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Musical Instruments of Vietnam
(notes from the >Nguyen Dinh Nghia & Family Ensemble)

DAN BAU (or DOC-HUYEN, monochord) - a Vietnamese instrument the origin of which goes back to the seventh century, according to new findings. Its most original characteristic is that depending on where one picks the note, one creates harmonic sounds for the whole piece of music one is playing, and not the so-called fundamental sounds. The pitch of the notes is realized by one's left hand moving back and forth the end-stick of the instrument, which creates various tensions on the one string and therefore gives various pitches. The instrument is capable of giving variations as small as one-tenth of a note up to changing it into another note.

Because of such flexibility the dan bau can modulate its tones to reproduce all the tonal configurations of the Vietnamese language (the six tones of the language and their variations), a total impossibility with most other instruments of the world. The Western guitar, for instance, has been adapted to some of these modulations, as used in the Vietnamese cal luong of playing dan bau are extremely variegated; besides raising or lowering the end-stick, moving it back and forth, one can also take it out of the sound box, peck on the string, hit it or caress it, do the vibrato on it or modulate the tones to give some ornamentations, etc.

It is not difficult to play the dan bau, yet it takes years, 10-15 years, before one would get very good at it. Besides, it also may require that the player has a gift for doing it; otherwise, he is a mere plugger.

DAN TAM THAP LUC (36-string zither) is of middle-east origin. This dulcimer-like instrument was imported to Vietnam via China to be a mainstay of the Ho Quang theater orchestra. Variously called da-cam, duong cam and ho diep cam, ("Butterfly-shaped insturment"), it is now universally called tam thap luc because it has 36 strings.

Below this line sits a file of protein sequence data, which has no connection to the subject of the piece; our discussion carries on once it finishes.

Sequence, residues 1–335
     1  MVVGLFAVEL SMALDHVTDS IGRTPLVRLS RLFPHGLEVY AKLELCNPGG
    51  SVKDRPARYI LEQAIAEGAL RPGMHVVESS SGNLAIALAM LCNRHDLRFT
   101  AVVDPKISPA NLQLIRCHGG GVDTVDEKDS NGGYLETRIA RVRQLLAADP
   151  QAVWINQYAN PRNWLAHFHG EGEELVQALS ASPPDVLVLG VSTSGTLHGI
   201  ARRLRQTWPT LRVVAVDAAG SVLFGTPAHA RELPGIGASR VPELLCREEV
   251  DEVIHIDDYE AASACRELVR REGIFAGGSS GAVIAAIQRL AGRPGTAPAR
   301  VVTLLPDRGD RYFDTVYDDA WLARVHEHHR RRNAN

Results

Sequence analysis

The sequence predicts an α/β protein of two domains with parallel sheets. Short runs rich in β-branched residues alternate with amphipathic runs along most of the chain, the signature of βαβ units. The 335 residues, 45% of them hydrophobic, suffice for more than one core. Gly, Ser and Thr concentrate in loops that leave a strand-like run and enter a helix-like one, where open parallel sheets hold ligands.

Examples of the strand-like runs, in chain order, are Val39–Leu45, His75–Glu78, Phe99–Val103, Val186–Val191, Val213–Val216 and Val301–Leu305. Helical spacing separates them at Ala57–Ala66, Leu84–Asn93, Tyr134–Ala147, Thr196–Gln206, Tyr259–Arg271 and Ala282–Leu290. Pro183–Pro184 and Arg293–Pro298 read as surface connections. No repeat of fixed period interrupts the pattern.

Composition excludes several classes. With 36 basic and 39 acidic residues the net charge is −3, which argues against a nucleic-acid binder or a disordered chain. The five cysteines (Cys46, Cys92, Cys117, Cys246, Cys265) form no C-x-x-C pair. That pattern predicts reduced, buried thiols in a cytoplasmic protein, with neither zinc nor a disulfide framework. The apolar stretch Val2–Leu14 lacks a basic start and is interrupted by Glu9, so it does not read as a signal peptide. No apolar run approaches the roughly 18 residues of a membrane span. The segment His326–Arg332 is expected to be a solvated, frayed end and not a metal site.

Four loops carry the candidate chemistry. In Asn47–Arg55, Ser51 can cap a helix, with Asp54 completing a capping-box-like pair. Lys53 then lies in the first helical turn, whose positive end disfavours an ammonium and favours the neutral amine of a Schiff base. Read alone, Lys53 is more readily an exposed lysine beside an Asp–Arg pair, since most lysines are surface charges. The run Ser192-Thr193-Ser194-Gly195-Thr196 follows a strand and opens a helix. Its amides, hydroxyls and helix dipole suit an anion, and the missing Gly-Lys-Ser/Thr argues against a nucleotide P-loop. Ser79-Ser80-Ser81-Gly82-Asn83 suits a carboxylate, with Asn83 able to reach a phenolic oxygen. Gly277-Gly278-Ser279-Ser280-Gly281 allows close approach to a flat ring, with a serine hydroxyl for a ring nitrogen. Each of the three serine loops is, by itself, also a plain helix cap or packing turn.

In recent years, the tam thap luc has been adapted to play both pantatonic scales and Western music. This is an achievement, since Western notes are defined as corresponding to definite pitches, whereas playing, which sometimes the notes both in pitch and in length. The tam thap luc, however, is not as flexible as some other Vietnamese instruments. Even so, the instrument's tone color can be changed, and other effects achieved, by changing the padded hammers, using fingernails, using either end of the stick or running it across the board, etc.

DAN T'RUNG (a Bahnar Instrument) - The Bahnar are a group of mountain people who originally inhabited the coastal area of Central Vietnam. The T'rung is one of their most typical instruments. It is also called Tokro or Khinh Khung. Its principle is very simple, consisting of hollow bamboo sticks of various lengths knocking into each other. (This should be differentiated from the so-called "wind-pipes," called Klompul or Cockur, which consist of water-powered strings of pebbles that would knock into bamboo pipes, causing musical sounds meant to keep the birds away from the crops.)

Originally the T'rung was extrmely rudimentary, consisting of some five bamboo sticks held at one end by one person and held at the other by another who would at the same time strike on the pipes. The T'rung as you see today is an improved version in terms of range (it includes four octaves plus one bass instead of the original two), but it still keeps the gamut of the Highlanders (E,G#, A, B, D# and E). The striking stick has also been changed, and can be used at both ends. Other improvements include the chromatic scales, the improvement in space resonance, etc., But the most original aspect of the T'rung is that each pipe, i.e. each note, has its own sound box, which is absolutely unlike any other instrument on earth.

SAO TRUC VIET NAM (Vietnam bamboo flute) is a horizontal flute with six holes that are evenly distanced so as to give the pentatonic scale. The pitches obtained, therefore, are different from those of the tempered scale; for instance, the Vietnamese F note is higher than the natural F and lower than the F#. The Western flutes use metal keyes whereas the Vietnamese flute uses fingers to stop the holes and open them in various ways, thus creating different effects. The disadvantage of the Vietnamese bamboo flute, however, resides in the fact that one cannot go too fast on the semitones which would get them blurred with other notes. What has been done to overcome this difficulty is that five secondary holes have been perforated so as to allow the expression of such subtleties. In the process, this allows for the playing of Western classical music as well.

SAO MEO (the Hmong flute) - The peculiarity of the Hmong flute is that it has a copper blade on which one blows; one does not blow directly into the flute. This is an extremely thin blade, cut in the form of an arrowhead, the cutting of which is a whole art, as one needs not only thinness but also a curving up at the end to give the right tones.